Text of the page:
Last month, the first judge ever to consider the issue reached the obviously correct conclusion that the Affordable Care Act is constitutional. Today, a second federal judge reached the same conclusion. The lengthy opinion by Judge Norman Moon of the Western District of Virginia gives several reasons why the Act’s provision requiring all Americans to either carry insurance or pay slightly higher income taxes easily fits within Congress’ broad authority to regulate the national economy, including the fact that striking down this provision would make it impossible to prevent insurance companies from denying coverage to persons with preexisting conditions:
The conduct regulated by the individual coverage provision is also within the scope of Congress’ power under the Commerce Clause because it is rational to believe the failure to regulate the uninsured would undercut the Act’s larger regulatory scheme for the interstate health care market. The Act institutes a number of reforms of the interstate insurance market to increase the availability and affordability of health insurance, including the requirement that insurers guarantee coverage for all individuals, even those with preexisting medical conditions. As Congress stated in its findings, the individual coverage provision is “essential” to this larger regulatory scheme because, without it, individuals would postpone health insurance until they need substantial care, at which point the Act would obligate insurers to cover them at the same cost as everyone else. This would increase the cost of health insurance and decrease the number of insured individuals—precisely the harms that Congress sought to address with the Act’s regulatory measures.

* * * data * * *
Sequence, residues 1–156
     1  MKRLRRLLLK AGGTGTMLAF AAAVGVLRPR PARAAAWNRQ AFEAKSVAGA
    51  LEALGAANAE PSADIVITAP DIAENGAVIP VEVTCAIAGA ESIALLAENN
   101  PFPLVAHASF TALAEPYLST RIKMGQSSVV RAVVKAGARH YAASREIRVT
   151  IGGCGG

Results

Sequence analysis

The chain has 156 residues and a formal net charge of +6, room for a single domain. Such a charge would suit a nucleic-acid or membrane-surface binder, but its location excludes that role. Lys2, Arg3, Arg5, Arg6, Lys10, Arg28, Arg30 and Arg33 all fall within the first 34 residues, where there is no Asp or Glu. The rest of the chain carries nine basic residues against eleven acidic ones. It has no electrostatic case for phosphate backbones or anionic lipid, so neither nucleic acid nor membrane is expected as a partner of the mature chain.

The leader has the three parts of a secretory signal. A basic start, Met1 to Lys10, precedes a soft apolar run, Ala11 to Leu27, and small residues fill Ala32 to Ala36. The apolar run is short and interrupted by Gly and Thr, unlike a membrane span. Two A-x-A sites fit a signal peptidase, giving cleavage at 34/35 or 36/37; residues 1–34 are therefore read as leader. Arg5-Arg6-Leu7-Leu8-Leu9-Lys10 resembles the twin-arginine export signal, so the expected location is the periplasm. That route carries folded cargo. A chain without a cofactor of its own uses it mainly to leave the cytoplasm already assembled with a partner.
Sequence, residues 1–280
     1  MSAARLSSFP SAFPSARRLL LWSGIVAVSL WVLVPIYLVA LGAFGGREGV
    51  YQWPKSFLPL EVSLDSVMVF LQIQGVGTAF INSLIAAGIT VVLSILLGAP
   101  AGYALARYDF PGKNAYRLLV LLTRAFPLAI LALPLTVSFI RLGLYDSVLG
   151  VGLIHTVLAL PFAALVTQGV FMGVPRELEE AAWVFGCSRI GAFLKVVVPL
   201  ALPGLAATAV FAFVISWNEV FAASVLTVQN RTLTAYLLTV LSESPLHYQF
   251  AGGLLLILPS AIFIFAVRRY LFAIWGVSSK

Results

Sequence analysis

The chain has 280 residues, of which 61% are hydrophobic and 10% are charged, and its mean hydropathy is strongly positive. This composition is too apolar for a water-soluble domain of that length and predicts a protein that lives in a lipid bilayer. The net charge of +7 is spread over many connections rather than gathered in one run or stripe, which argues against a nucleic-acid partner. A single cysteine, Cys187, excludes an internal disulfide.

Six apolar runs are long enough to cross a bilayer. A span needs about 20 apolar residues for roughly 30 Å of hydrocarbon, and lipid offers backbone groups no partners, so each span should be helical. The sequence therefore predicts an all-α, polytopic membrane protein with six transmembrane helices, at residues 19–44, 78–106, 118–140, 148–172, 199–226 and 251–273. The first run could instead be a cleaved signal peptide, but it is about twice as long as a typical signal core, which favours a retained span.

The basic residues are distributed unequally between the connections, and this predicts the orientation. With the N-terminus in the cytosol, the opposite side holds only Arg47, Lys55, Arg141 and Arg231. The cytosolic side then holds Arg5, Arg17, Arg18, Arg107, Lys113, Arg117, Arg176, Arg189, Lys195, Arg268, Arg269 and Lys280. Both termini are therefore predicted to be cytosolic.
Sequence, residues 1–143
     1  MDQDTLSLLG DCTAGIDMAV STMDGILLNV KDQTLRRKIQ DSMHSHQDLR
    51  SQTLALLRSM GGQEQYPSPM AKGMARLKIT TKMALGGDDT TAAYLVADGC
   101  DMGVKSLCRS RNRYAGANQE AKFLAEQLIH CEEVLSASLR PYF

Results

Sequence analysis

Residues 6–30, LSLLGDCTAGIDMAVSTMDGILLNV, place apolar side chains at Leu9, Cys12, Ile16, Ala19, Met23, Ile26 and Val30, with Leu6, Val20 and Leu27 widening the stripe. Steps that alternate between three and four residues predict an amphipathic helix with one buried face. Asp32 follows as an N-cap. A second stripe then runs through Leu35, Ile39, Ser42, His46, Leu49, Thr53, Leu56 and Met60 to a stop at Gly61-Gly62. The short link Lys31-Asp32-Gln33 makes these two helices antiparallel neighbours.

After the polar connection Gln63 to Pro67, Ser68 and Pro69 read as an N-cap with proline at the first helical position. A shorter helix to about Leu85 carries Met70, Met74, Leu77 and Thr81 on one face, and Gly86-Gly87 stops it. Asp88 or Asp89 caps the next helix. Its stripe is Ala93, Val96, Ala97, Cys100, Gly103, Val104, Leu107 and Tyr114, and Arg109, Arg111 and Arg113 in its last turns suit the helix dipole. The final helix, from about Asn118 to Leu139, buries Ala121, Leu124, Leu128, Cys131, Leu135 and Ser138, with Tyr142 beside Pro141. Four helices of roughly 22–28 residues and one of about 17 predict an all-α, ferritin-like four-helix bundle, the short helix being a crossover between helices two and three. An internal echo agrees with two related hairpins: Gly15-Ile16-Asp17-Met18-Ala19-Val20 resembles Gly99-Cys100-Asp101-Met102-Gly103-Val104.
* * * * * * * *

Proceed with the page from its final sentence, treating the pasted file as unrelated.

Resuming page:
Today’s decision is just another nail in the coffin of the many meritless lawsuits challenging health reform. While conservatives have touted a pair of procedural victories they won in two high-profile lawsuits, the fact remains that every single judge to consider merits of these challenges has upheld the law. Indeed, even ultra-conservative Justice Antonin Scalia has indicated that he agrees with today’s decision. As Scalia wrote in Gonzales v. Raich, “where Congress has the authority to enact a regulation of interstate commerce, it possesses every power needed to make that regulation effective.”